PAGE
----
The Journal Gazette
Sunday, December 05, 2021 1:00 am

Remote work changes way leaders lead

LISA GREEN | The Journal Gazette

When working from home increased with the onslaught of COVID-19, many employees proved they could get the job done.

Many. Not all.

But the work-from-home experiment meant less hovering and often less oversight from bosses, whether they were micromanagers or not.

“Self accountability was the name of the game,” a report from GP Strategies said.

We're now more than 20 months into the global coronavirus pandemic, and with varied reports that remote work generally didn't affect productivity, it raises questions about leadership. First and foremost: Just how much do we need?

Leah Clark suggests it's simply time for tweaking.

“What I do think is this is an amazing opportunity for leaders to reinvent themselves; to really think about how it is they now might show up for their people in more meaningful and elevated ways,” Clark, a senior director with GP Strategies, said during an Oct. 26 webinar.

The online event, titled “Reinventing Leadership,” focused on a GP Strategies research report. It stemmed from asking 1,000 people about what they want from the work they do, their expectations for moving into a leadership role and whether their current managers have the ability to develop them as leaders.

It boils down to moving from ego to emotional intelligence, from tell to talk and from a focus on corporate values alone to a viewpoint that includes personal values, the company said.

It's time for leaders to “up their game” and evolve from using basic skills to more “advanced maneuvers,” the research report said. “It's time to ask ourselves if we've been operating from an expired playbook with respect to what employees and future leaders value. Are we using a spiral-bound notebook to lead a podcast generation?”

Leaders enjoy the most success with attributes including good communication, trust – demonstrating reliability and that you care about people, and competence, Clark said during the webinar.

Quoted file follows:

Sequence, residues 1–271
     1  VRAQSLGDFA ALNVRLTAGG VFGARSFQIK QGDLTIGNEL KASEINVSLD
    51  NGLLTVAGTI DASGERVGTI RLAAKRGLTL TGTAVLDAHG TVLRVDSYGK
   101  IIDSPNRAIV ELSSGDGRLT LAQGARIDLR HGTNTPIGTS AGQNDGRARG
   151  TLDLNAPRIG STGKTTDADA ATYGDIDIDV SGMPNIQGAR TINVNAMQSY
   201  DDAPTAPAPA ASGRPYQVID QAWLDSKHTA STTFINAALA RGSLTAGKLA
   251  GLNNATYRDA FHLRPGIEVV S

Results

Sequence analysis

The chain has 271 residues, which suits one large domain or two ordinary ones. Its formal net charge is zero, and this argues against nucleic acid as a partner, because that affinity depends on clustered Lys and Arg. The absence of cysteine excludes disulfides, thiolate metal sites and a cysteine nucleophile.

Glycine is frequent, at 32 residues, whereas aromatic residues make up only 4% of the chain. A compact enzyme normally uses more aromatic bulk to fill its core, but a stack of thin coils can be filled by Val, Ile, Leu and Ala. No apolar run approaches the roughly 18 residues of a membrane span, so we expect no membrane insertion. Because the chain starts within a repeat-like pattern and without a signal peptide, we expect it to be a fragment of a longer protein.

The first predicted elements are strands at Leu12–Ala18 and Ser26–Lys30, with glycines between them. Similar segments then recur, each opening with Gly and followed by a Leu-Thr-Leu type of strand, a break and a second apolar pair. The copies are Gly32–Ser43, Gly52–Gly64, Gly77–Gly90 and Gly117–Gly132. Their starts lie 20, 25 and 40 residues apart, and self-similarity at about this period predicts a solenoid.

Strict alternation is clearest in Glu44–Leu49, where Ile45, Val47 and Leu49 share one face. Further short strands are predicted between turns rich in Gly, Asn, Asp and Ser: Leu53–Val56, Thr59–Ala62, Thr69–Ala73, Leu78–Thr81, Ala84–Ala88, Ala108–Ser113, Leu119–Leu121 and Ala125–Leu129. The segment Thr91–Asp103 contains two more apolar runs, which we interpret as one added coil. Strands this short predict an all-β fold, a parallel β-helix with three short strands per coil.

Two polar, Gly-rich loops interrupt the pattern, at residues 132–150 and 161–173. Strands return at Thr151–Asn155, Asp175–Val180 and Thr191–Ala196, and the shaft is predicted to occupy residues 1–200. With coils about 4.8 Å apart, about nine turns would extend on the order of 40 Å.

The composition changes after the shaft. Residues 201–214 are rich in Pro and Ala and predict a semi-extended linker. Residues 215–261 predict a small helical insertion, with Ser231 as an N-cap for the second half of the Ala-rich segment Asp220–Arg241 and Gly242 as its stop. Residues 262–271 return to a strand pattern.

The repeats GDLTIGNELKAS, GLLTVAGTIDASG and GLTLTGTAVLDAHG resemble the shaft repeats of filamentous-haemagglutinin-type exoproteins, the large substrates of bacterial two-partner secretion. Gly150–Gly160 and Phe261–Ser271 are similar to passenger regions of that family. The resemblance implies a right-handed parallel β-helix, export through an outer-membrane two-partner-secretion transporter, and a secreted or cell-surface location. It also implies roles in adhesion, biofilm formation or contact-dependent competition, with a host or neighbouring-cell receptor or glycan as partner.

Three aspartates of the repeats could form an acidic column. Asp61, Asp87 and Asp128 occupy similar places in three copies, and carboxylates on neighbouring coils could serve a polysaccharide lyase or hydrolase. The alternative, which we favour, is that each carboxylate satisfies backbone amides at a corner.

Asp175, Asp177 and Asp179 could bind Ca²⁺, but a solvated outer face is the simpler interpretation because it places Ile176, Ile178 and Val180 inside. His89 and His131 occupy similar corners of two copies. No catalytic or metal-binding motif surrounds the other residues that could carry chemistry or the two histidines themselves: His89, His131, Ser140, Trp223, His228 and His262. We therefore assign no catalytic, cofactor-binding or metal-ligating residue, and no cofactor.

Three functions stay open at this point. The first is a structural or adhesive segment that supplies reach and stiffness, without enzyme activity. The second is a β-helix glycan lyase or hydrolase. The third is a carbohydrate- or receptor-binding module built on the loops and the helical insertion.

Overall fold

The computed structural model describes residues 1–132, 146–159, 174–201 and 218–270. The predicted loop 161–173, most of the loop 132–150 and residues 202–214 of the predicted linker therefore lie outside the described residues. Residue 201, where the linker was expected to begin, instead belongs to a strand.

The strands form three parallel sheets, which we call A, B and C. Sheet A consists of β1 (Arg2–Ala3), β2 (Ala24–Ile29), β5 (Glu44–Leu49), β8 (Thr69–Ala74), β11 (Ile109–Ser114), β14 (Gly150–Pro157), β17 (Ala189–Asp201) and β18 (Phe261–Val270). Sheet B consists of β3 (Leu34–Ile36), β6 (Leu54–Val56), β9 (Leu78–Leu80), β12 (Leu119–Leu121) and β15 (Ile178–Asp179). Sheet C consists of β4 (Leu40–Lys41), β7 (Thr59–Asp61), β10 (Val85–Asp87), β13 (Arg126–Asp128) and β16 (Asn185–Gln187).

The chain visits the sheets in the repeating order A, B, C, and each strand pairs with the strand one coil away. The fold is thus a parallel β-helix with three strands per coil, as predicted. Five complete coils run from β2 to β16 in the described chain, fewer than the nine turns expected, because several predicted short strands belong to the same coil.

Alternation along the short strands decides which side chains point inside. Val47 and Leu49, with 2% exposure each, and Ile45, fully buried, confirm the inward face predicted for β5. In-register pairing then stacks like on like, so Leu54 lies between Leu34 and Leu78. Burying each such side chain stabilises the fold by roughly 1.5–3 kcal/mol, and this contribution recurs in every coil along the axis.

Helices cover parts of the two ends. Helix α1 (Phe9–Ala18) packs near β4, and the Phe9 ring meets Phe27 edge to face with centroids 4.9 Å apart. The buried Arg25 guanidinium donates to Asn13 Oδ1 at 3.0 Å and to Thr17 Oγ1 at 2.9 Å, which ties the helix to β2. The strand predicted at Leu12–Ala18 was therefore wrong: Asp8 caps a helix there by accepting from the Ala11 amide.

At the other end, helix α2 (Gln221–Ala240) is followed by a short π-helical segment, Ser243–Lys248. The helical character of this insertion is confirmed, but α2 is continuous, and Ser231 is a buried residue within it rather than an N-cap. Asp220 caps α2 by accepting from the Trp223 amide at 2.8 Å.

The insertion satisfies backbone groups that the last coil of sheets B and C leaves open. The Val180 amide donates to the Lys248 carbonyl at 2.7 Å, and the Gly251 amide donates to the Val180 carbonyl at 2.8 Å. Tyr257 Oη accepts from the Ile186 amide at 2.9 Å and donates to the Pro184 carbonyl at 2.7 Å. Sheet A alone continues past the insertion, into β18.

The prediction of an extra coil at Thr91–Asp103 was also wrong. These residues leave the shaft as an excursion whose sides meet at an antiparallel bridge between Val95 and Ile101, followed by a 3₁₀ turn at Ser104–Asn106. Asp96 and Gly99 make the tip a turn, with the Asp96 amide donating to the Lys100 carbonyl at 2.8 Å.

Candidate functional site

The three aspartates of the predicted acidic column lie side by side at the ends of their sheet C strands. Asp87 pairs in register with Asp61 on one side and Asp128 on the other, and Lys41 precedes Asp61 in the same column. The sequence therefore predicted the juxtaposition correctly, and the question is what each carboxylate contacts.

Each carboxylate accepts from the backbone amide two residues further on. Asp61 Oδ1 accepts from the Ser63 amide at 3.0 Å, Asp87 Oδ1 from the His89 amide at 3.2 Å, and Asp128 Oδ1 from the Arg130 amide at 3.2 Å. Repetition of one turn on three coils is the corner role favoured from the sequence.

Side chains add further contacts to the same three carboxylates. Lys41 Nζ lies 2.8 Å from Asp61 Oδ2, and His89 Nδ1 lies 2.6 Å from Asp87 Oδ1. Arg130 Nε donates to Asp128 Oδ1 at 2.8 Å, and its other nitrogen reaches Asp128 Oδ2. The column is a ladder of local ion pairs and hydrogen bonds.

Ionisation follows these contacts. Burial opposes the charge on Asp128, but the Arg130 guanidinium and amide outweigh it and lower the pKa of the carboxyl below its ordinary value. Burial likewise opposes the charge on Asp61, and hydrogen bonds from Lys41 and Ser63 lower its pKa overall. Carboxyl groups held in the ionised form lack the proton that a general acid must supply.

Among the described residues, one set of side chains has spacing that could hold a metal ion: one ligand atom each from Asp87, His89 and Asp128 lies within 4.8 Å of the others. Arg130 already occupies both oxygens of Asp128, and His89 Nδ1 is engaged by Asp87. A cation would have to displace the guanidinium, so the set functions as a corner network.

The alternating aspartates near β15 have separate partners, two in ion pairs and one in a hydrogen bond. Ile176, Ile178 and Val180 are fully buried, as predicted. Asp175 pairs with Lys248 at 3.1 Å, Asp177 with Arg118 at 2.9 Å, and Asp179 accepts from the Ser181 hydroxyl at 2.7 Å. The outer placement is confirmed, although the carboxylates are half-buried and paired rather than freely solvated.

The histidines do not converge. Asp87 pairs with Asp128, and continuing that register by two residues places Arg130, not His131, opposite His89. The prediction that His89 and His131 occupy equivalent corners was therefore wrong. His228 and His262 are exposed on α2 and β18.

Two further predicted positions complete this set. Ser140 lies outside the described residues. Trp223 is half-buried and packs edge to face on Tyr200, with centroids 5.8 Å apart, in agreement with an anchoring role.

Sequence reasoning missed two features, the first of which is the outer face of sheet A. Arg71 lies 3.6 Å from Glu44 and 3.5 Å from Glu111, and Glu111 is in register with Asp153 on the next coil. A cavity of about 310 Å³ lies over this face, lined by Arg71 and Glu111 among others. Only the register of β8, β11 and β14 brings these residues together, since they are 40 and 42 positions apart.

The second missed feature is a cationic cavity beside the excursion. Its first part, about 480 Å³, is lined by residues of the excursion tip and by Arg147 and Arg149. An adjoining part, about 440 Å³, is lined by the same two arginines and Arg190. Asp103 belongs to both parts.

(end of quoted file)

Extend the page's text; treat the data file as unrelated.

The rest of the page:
The stumbles come from poor communication skills – 52% cited this as an issue. Other pitfalls include arrogance, which can include making all the decisions, inability to handle conflict, not being trustworthy and not embracing diversity and inclusion.

Moving from ego to emotional intelligence will require exhibiting a willingness to express vulnerability and to ask for help, being inclusive in decision making, transparent in communication, Clark said.

Moving from “tell to talk” includes more delegating and increased team collaboration while shifting the value focus from just corporate to personal levels requires more conversations about career development and coaching. Some leaders, Clark said, shy away from coaching because they may lack confidence, skills or feel they lack time. And in a hybrid world that includes more remote work, some leaders may be uncertain how to best achieve more personalized approaches.

But challenges don't lessen the importance of reinvention.

In a time plagued by “The Great Resignation,” it is troubling that 35% of employees say their leaders seldom or never spend time in career conversations, GP Strategies' report said.

“The skills haven't changed for what you need as a leader,” Clark said, “the context has changed. If you know how to coach in an in-person world, you know how to do it in a hybrid world. You just need to apply the skills with greater intentionality.”

To share a thought, a favorite quote or other wisdom about leadership, email Lisa Green at Lead On also appears online as a blog at

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